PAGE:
Archives for the month of: November, 2011

Layers of Vegetables

Made this beauty for Thanksgiving. It was a hit! Creamy and delicious and FILLING. Use a mandoline slicer or attachment on a food processor if you don’t want to spend the whole day thinly slicing. Other than that, this recipe is a breeze.

Rutabaga, Green Apple, and Butternut Gratin with MacCashew Cream Sauce

Ingredients:

Gratins
5-6 rutabaga, peeled and thinly sliced
4 granny smith apples, cored and thinly sliced 
1 butternut squash, peeled and thinly sliced
1 red onion, thinly sliced
1 tbsp coconut sugar (optional)
1/4 cup fresh thyme, roughly chopped
1/2 cup cold-pressed coconut oil, warmed to liquid
Fresh ground black pepper
Fine ground sea salt

Cream Sauce
1/4 cup macadamia nuts, not soaked
1/2 cup cashews, soaked for 4 hours
1 cup water
1/4 tsp salt

Directions:

1. Preheat oven to 350 degrees.
2. On low/medium heat, slowly sauté red onion with sugar and a tbsp. of coconut oil until onions are brown and caramelized (be patient and careful not to burn.) About 10-15 min.
3. Oil a casserole dish and begin to layer the vegetable slices:
Rutabaga: brush coconut oil, fresh thyme, tiny pinch salt/pepper
Apple: brush coconut oil, tiny pinch salt/pepper
Onion
Butternut squash: brush coconut oil, tiny pinch salt/pepper
4. Whatever layer you finish on, top with a little more salt and pepper as well as some thyme. 
5. Bake for 45 mins. 
6. Make cream sauce while the gratin bakes. Drain cashews from soaking liquid and rinse. Place all ingredients in a high powered blender or food processor and blend until smooth. Pour over gratin when done. 
recipe adapted from : Yum Universe

Work table, courtesy of Craigslist.

Last week we aquired a big wooden work table through an ad on craigslist. While at the owner’s house to pick up the table, I noticed a wall of trees full of banana bunches! As a kid, my dad grew all kinds of tropical plants and I loved eating the tiny sweet bananas that would pop out every once in a while.  Upon questioning, the homeowner informed me that these bananas are a bit more like plantains, you have to cook them in order to eat them. He gave us a big bunch and I promptly fried them up into chips.

If you have never done this, then you should give it a try. Many times, store-bought plantain chips are cooked in a seed oil (sunflower, safflower, etc.) and are laden with omega 6 fatty acids. By frying them yourself, you can ensure a quality fat is used (and they are more yummy, in my opinion).

Here are the steps.

1. cut the peel off the plantain

 

2. It may help to slice down the middle of the peel and go from there.

3. slice plantain into thin-ish slices of equal width.

 

4. Heat up some coconut oil or palm oil in a skillet. Enough to make a pool that will cover the slices once they are placed into the skillet.

5. Once the oil is sizzling hot, leave the burner on a medium-low heat. Drop in the slices and watch them fry!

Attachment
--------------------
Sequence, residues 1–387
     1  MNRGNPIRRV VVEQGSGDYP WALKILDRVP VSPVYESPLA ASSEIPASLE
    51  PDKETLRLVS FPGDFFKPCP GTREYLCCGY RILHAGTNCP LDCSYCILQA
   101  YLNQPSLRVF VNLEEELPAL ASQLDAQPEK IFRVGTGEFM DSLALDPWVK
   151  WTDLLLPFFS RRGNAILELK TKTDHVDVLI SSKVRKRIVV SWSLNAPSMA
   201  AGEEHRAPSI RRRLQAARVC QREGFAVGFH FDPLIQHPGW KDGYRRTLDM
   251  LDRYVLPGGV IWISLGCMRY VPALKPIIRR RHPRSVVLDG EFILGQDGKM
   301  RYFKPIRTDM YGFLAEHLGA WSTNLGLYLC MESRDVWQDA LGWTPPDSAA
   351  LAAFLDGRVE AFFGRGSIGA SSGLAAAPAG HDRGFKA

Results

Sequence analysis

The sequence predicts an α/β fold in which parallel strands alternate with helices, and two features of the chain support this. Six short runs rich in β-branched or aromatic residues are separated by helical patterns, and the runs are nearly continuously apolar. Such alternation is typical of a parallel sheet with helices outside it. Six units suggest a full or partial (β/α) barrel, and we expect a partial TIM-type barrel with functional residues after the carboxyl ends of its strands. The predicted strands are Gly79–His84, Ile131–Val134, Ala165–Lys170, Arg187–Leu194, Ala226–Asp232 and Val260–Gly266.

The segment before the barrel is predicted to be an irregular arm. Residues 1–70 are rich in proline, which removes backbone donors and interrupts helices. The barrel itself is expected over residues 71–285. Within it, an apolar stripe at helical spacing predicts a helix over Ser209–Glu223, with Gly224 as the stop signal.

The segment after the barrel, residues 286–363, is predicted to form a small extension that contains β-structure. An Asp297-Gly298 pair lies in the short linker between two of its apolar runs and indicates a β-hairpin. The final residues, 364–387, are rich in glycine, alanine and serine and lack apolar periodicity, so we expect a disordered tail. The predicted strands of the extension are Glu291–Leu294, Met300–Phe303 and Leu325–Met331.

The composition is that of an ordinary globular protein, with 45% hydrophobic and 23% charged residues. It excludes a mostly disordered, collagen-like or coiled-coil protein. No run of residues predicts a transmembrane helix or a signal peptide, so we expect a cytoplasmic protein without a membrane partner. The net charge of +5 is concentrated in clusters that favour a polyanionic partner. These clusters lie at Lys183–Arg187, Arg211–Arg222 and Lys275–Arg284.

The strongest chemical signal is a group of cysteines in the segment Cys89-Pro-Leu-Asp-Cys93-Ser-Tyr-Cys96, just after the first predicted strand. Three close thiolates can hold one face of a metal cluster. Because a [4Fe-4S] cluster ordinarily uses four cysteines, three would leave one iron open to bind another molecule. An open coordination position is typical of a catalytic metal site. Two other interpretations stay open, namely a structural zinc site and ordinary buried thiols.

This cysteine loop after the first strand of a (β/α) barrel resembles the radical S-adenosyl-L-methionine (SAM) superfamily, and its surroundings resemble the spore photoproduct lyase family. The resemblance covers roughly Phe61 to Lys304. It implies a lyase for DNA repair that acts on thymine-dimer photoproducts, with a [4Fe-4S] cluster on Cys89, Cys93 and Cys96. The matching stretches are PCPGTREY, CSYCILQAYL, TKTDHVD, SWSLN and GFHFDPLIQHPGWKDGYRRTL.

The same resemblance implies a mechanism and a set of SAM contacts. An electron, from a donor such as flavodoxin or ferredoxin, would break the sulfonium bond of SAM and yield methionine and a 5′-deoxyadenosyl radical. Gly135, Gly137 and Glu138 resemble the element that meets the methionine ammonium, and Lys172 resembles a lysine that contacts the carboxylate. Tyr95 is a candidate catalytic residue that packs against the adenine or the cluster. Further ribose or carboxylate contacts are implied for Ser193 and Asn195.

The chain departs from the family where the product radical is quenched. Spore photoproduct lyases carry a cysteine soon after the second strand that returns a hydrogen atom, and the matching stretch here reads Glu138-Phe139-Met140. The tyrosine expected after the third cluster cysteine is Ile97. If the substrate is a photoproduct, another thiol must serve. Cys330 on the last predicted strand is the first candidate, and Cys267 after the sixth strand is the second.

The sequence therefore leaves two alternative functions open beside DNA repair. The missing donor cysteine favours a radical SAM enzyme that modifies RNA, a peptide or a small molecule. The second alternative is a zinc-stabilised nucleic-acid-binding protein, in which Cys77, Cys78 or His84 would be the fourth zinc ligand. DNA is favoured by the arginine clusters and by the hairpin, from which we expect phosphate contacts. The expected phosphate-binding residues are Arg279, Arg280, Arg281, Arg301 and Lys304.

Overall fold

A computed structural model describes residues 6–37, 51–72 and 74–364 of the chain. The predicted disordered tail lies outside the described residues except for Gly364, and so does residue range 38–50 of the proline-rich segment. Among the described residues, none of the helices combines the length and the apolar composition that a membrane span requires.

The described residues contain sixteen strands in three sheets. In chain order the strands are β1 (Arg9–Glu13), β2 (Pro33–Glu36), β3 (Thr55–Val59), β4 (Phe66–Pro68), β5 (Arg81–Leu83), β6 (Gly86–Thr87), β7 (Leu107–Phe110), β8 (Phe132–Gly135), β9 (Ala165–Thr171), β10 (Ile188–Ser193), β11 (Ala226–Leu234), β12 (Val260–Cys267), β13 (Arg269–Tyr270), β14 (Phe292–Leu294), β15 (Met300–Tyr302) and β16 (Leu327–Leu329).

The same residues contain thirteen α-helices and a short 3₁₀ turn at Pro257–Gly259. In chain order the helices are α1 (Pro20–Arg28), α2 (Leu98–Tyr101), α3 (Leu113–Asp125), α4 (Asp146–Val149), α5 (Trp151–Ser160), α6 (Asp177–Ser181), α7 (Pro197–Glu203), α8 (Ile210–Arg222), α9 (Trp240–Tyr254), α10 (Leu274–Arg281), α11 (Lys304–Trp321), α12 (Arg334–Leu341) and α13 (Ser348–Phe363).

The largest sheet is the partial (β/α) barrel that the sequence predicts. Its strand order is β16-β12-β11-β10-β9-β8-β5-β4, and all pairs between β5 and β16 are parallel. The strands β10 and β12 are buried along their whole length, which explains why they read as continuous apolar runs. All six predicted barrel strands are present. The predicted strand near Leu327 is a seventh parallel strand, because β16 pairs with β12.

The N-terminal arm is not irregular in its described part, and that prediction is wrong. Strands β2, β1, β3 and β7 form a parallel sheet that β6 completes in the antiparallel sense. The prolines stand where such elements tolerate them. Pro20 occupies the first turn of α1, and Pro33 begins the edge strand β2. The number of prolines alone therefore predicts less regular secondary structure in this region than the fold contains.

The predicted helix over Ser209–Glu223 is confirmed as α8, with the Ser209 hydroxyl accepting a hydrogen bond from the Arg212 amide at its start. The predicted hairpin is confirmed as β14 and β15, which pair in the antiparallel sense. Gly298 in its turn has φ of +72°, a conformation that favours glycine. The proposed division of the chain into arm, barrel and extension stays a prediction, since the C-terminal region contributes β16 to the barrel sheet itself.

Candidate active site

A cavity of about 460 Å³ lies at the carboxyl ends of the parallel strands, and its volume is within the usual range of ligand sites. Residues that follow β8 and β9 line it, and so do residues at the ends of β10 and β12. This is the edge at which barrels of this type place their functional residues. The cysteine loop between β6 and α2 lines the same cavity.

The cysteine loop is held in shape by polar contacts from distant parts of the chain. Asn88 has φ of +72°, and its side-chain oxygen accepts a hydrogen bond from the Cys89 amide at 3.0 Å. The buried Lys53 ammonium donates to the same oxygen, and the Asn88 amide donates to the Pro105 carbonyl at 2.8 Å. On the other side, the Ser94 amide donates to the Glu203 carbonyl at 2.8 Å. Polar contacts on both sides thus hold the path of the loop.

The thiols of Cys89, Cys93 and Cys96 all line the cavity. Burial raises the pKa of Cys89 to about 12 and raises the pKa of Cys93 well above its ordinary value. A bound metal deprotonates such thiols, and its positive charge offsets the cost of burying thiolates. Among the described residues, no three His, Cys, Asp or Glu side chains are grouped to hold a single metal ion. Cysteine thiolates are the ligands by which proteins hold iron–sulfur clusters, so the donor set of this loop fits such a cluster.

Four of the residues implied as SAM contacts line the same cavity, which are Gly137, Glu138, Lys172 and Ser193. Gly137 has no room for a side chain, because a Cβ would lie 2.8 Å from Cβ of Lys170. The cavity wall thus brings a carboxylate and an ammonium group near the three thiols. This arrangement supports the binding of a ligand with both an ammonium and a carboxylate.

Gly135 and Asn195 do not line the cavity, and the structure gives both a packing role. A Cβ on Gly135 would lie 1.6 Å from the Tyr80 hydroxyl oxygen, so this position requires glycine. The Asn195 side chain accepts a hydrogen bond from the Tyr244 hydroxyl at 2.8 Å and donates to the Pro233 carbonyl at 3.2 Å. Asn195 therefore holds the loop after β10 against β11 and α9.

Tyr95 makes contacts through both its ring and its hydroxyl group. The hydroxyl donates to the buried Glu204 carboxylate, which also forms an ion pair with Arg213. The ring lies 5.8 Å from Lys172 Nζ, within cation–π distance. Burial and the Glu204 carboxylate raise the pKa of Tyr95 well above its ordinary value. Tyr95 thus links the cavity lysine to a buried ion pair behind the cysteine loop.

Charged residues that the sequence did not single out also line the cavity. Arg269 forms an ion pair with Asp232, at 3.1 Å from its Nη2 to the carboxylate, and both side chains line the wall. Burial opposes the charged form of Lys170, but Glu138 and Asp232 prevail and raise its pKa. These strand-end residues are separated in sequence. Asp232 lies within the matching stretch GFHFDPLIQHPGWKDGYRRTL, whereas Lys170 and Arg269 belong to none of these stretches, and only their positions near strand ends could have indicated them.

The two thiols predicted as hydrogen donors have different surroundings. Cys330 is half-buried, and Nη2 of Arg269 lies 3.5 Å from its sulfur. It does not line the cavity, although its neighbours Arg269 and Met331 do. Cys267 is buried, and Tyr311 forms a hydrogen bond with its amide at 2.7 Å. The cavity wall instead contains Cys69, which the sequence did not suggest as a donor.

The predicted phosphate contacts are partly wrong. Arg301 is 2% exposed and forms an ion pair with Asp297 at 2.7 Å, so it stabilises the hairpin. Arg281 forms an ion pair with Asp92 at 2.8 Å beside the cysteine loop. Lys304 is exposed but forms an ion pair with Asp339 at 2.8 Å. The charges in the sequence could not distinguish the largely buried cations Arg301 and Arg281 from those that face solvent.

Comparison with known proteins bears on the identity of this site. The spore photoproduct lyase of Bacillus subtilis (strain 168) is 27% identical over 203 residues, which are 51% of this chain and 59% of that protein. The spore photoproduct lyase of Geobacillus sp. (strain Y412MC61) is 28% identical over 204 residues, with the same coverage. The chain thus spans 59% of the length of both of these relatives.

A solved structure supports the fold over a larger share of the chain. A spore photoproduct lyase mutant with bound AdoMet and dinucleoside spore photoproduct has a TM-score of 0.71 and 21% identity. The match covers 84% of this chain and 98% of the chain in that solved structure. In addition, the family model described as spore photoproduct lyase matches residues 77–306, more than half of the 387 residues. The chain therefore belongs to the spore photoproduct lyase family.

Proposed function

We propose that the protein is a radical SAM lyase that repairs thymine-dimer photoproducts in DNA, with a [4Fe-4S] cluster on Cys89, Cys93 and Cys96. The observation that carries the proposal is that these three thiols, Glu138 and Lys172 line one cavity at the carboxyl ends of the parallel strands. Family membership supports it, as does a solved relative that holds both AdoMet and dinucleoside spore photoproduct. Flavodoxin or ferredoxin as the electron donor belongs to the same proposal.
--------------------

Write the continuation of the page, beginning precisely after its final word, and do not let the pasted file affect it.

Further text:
6. You must keep an eye on them or they will burn! Flip them when you see the bottom starting to turn golden. With a spatula, spoon, etc. remove the done chips from the skillet and let them drain like you would bacon.

7. Stick them in a bowl and season anyway you like! Some ideas: sea salt, cayenne, paprika or coconut sugar and cinnamon.

These are a delicious and healthy, good for sharing and satisfying the “chip” craving.  This method also works for sweet potato, taro, and cassava slices.

Caution: hot oil is dangerous and can cause severe burns. Be careful when placing the slices in the hot oil. Don’t just drop them in, slide them into the oil. Beware while turning and removing the slices as well.

Rice? No. Cauliflower Rice? Yes!

Pulsing cauliflower in a food processor is a great way to mimic a rice-type texture in a recipe. I like this particular dish because it reminds me of the flavors of thanksgiving turkey stuffing. The herbs and the golden raisins really satisfy the savory cravings of the season. Try this recipe with different combinations of herbs, spices, nuts, and dried fruit. Dried cranberries and pecans would be great!

Excuse the poor lighting...

 

Cauliflower Rice with Toasted Almonds and Golden Raisins

 4 T grape seed oil
1 medium onion, diced
1 cup celery, finely diced
5 cups cauliflower, trimmed and coarsely chopped
1 T fresh thyme, chopped
2 T fresh sage, chopped
2 cups shredded cabbage
1 cup golden raisins
½ cup sliced almonds
1 t sea salt

  1. In a large skillet , heat oil over medium heat
  2. Sauté onion over medium heat for 10 minutes, until soft
  3. Add celery to skillet and sauté for 5 minutes
  4. Meanwhile, place cauliflower in a food processor with the “S” blade and process until the texture of rice
  5. Add cauliflower, thyme, sage, cabbage and raisins to skillet, cover and cook 5-10 minutes, until soft, then add salt
  6. Toast almonds in a skillet, set aside
  7. Serve warm with almonds as garnish.